Hillary Clinton concedes "you have to be a little bit crazy to run for president," though she admits she'd do exactly that — again — if she decided she wanted to "continue serving."
In an interview with Gwen Ifill of "PBS NewsHour"
that airs Wednesday night, the former first lady and secretary of state laughed at a question about whether she was "insane" to take another run at the White House.
Should she run in 2016, it would be her second attempt. She lost to Barack Obama in the 2008 Democratic primary.
"Well, you have to be a little bit crazy to run for president, let me just put it like that," she said, "because you have to be so totally immersed, and so convinced that you can bring something to that office — that your vision about what you can do to help Americans," she said in a trailer for the program posted on Real Clear Politics.
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On tour promoting her book "Hard Choices,"
Clinton said, "I've had people come through the line who tell me their stories about losing their job, about what's happened since they got healthcare that has helped them, and I hear this, so I know that my life of service is the biggest reason why I would consider doing this, because I would want to continue serving.
"But I also know that it's a very hard job, and it's a job that, you know, you have to be totally consumed by, and that's kind of the definition of being a little bit crazy, I think."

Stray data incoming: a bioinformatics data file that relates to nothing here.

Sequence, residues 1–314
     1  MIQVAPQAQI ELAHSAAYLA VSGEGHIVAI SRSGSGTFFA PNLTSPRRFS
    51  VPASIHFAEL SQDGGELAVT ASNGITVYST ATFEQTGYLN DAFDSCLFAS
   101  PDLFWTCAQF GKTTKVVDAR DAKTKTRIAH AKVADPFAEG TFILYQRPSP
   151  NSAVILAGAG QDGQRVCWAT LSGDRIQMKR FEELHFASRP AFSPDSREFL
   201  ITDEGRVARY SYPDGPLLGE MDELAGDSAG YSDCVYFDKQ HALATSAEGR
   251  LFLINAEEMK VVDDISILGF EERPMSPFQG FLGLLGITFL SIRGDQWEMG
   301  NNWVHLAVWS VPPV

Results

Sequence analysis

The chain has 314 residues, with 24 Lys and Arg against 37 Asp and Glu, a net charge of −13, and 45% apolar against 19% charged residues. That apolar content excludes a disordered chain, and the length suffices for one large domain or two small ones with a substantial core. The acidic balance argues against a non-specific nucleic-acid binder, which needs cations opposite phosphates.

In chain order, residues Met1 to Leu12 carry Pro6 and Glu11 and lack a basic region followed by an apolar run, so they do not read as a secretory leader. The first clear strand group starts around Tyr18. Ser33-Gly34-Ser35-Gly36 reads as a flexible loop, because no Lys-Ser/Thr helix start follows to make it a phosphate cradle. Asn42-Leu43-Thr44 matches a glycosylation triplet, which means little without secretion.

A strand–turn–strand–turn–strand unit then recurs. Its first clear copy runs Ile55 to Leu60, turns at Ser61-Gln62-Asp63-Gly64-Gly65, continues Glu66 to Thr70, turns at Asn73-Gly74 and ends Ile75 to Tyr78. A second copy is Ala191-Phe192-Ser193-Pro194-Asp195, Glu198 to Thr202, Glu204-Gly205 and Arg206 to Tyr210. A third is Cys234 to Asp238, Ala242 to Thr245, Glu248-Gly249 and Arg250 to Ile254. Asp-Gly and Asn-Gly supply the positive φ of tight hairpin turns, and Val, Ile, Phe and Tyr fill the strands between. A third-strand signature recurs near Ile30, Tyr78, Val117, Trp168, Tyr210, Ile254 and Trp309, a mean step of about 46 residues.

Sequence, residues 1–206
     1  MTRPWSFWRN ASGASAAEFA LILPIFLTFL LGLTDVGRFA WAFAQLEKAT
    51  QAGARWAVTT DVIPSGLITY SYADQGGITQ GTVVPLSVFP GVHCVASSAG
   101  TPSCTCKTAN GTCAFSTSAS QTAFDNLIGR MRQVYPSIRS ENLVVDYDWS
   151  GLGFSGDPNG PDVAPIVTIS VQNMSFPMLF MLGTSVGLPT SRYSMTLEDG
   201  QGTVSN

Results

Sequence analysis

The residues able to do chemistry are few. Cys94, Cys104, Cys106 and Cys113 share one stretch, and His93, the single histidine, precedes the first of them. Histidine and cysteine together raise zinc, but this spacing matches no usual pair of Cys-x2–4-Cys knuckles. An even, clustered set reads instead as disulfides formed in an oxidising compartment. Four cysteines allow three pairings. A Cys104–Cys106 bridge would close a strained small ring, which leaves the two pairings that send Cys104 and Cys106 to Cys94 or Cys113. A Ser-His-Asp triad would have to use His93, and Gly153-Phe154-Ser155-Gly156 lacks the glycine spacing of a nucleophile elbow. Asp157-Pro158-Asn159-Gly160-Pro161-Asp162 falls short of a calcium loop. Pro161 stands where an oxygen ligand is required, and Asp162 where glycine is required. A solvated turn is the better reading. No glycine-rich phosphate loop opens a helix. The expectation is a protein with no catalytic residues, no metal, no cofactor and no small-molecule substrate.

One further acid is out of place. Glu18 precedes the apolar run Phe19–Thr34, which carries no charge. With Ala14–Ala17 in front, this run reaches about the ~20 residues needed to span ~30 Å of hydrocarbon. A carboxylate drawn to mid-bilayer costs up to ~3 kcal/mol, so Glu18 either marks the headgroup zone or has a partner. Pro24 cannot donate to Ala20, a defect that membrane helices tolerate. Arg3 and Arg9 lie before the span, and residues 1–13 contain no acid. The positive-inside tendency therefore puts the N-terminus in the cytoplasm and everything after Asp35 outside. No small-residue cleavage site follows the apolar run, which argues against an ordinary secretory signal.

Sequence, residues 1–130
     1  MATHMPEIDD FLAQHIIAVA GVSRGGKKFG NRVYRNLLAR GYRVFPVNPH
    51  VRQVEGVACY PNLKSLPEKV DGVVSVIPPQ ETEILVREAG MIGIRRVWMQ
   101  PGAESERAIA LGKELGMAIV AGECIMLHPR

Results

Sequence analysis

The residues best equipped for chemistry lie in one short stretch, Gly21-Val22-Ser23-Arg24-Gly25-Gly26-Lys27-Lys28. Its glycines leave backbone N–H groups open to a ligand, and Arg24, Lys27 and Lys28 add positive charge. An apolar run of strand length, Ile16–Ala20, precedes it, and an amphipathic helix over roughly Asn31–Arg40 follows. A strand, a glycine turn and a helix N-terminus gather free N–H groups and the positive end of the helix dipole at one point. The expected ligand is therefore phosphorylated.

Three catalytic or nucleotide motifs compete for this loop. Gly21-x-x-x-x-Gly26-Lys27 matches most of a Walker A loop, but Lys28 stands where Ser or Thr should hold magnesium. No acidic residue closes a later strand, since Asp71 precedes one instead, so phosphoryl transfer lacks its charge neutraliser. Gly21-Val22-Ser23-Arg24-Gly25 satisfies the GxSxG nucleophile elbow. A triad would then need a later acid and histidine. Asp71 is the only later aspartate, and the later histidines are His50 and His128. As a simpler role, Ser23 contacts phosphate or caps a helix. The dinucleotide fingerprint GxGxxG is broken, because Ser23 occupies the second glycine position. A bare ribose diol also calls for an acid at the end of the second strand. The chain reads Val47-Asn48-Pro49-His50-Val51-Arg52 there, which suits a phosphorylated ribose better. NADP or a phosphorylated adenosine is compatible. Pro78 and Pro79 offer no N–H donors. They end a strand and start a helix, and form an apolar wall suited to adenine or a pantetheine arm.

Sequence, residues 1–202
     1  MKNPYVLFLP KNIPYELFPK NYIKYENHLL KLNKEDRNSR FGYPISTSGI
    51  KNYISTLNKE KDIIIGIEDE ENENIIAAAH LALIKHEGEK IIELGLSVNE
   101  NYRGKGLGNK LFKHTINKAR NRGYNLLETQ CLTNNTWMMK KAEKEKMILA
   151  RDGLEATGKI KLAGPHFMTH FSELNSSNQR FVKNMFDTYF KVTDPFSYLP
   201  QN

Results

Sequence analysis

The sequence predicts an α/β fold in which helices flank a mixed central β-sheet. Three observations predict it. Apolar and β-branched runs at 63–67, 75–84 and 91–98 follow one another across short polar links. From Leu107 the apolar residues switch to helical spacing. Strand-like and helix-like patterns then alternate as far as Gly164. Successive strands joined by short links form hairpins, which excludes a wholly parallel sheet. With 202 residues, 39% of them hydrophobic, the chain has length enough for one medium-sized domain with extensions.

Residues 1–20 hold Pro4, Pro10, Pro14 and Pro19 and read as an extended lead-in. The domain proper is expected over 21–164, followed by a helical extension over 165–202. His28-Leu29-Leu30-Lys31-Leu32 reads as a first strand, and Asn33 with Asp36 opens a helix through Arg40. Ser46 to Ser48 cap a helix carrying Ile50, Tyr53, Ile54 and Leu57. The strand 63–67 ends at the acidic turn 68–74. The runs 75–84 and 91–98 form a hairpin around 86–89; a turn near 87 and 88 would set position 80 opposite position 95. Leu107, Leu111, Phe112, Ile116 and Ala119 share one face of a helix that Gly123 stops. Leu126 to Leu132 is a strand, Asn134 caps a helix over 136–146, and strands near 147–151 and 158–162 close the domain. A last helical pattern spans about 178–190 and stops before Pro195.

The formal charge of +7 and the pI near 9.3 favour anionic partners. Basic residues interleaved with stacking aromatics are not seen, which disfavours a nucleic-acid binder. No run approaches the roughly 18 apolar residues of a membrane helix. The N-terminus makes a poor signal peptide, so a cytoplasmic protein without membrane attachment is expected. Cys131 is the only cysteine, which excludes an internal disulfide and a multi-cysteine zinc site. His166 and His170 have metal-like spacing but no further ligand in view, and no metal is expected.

Clinton also admitted she probably put her foot in her mouth when talking about her own and former President Bill Clinton's wealth.
In one interview, she said the couple were "dead broke"
after leaving the White House, and in another, she commented that unlike some rich people, she and her husband are not "truly well off."
The Clintons' wealth is estimated to be between $100 million and $200 million, The Daily Caller
"I shouldn't have said the, I think, five or so words that I said," Clinton told Ifill.
"You know, my inartful use of those few words doesn't change who I am, what I've stood for my entire life, what I stand for today.
"Bill and I have had terrific opportunities, but sadly, it's not true for so many Americans today," she said. "The Great Recession hasn't ended for too many Americans … Families are struggling.
"It's important that we all try to figure out what we're going to do, and that's what I've done my entire life," Clinton said.
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At the Clinton Global Initiative conference in Denver on Tuesday, when Clinton gave her interview to PBS, former President Bill Clinton defended his wife, insisting, "She's not out of touch."
"My husband was very sweet today, but I don't need anybody to defend my record. I think my record speaks for itself," she told Ifill, according to excerpts distributed by PBS ahead of the program airing Wednesday night.
Asked if Obama should have left a residual force in Iraq, Hillary Clinton said it was a Bush administration decision. The agreement was signed with the Iraqi government back in 2008 setting a timeline for beginning the U.S. troop withdrawal in 2009 and ending it in 2011.
"[Obama] was deciding based on what the Bush administration had already determined, because they were the ones who said troops have to be out by the end of 2011," Clinton said.
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